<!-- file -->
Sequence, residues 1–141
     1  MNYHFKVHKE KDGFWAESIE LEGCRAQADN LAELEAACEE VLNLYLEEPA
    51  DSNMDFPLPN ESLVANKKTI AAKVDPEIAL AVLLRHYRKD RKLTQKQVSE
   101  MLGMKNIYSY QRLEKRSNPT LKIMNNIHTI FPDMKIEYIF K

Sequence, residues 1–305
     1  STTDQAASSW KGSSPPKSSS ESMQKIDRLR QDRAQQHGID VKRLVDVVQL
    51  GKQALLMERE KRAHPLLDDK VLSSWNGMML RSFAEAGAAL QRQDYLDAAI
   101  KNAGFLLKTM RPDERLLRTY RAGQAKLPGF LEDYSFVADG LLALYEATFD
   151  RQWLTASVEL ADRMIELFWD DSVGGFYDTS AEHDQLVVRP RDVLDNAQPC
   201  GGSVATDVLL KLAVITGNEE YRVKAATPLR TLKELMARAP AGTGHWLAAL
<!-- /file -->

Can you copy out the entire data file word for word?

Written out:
Sequence, residues 1–141
     1  MNYHFKVHKE KDGFWAESIE LEGCRAQADN LAELEAACEE VLNLYLEEPA
    51  DSNMDFPLPN ESLVANKKTI AAKVDPEIAL AVLLRHYRKD RKLTQKQVSE
   101  MLGMKNIYSY QRLEKRSNPT LKIMNNIHTI FPDMKIEYIF K

Sequence, residues 1–305
     1  STTDQAASSW KGSSPPKSSS ESMQKIDRLR QDRAQQHGID VKRLVDVVQL
    51  GKQALLMERE KRAHPLLDDK VLSSWNGMML RSFAEAGAAL QRQDYLDAAI
   101  KNAGFLLKTM RPDERLLRTY RAGQAKLPGF LEDYSFVADG LLALYEATFD
   151  RQWLTASVEL ADRMIELFWD DSVGGFYDTS AEHDQLVVRP RDVLDNAQPC
   201  GGSVATDVLL KLAVITGNEE YRVKAATPLR TLKELMARAP AGTGHWLAAL